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Up until five weeks ago, the injury-and-trouble-plagued Ortiz didn't win a fight, losing four times. In fact, go back six weeks and the odds of there ever being an Ortiz-Evans rematch were a lot longer than the 11-to-2 odds that Ortiz overcame to save his UFC career when he faced and quickly defeated Ryan Bader at UFC 132.

A series of unlikely events fell into in place to make the UFC 133 main event happen. Ortiz's upset win over Bader, as well as injuries to Evans, Jon Jones and Phil Davis changed the course of the light heavyweight division and led to this pairing.

"My first big fight was against Tito Ortiz and that was like in 2007," said Evans (20-1-1). "I was just a puppy to the game. I had just gotten my first big win in fashionable style against Sean Salmon [a highlight-reel head kick]."

Ortiz (16-8-1) clearly won Rounds 1 and 2 in the 2007 bout, and Evans just as clearly won Round 3, but Ortiz was docked one point in the second round for grabbing the fence.

Ortiz, who had suffered chronic back pain from a 2003 herniated disc, needed painkilling injections in his lower back two weeks before the first fight just to continue training and not cancel the bout. The injections apparently wore out by the third round, when Ortiz claimed he was trying to fight while feeling like someone stuck a knife in his back.

The former champ looked exhausted and in pain as the fight came to a close, while Evans poured on the offense. So while Ortiz had more advantage time over the course of the bout, he was also the one hanging on for dear life when the fight ended.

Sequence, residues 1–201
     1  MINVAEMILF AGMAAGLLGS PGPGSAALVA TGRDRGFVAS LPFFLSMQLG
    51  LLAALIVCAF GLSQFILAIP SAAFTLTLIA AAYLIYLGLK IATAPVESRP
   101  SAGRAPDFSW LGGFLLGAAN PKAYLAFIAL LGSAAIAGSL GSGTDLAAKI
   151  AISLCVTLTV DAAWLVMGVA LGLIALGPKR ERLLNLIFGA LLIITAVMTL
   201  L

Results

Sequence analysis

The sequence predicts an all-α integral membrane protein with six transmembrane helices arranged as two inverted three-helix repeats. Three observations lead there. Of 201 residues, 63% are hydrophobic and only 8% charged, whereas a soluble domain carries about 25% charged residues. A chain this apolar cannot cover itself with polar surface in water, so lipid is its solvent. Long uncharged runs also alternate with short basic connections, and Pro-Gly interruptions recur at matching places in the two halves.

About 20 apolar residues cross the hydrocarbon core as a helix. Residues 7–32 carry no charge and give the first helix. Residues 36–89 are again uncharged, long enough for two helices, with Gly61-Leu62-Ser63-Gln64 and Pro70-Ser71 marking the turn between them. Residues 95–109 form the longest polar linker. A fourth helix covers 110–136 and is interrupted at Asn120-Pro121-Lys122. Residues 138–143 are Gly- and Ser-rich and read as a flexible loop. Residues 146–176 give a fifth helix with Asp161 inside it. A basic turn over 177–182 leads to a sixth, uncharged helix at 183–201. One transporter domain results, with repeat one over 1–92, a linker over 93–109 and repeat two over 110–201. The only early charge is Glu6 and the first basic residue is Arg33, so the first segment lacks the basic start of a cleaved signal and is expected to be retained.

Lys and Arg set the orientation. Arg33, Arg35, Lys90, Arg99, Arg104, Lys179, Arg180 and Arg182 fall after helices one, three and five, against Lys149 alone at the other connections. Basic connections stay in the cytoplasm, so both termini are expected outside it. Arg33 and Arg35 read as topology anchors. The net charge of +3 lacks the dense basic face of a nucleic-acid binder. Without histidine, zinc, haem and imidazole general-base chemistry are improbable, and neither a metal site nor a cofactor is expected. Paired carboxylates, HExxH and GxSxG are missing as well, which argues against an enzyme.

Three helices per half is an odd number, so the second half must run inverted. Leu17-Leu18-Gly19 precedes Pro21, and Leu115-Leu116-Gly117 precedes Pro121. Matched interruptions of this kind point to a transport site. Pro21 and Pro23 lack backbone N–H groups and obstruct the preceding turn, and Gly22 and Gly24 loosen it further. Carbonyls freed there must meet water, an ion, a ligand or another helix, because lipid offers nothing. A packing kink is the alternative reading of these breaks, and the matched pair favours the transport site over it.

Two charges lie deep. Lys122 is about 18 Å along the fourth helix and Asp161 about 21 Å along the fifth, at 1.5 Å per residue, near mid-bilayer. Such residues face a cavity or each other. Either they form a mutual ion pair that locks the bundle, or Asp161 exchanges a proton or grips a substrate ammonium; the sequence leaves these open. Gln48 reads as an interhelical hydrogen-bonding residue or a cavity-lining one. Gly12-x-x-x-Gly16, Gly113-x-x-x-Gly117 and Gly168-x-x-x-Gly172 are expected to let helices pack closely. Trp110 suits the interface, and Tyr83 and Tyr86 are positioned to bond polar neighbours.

Evans knew the fight was going his way when he picked up Ortiz and scored a big slam in the third round.

"Once he hit the ground, he let out a sigh and all the fight was out of him," said Evans. "I felt like if it was a little more time, I probably would have finished him off."

The fight card featured Anderson Silva's middleweight title defense against Nate Marquardt in what was the advertised main event, and there was also a lightweight title fight on the card. But the fans considered Ortiz the main event back then. He was the one the people came to see.

Ortiz-Evans I was not an exciting fight, and the reaction from those who watched it on pay-per-view was negative. But live in the building, the Arco Arena crowd was fascinated with Ortiz's every move. And at the time, Evans himself fell victim to the ex-champ's aura.